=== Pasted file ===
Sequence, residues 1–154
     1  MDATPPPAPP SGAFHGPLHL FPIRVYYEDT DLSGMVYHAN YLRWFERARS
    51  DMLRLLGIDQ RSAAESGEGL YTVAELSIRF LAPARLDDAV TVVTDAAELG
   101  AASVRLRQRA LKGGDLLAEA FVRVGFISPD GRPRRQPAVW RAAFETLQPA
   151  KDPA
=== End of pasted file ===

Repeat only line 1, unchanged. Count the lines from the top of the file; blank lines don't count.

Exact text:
Sequence, residues 1–154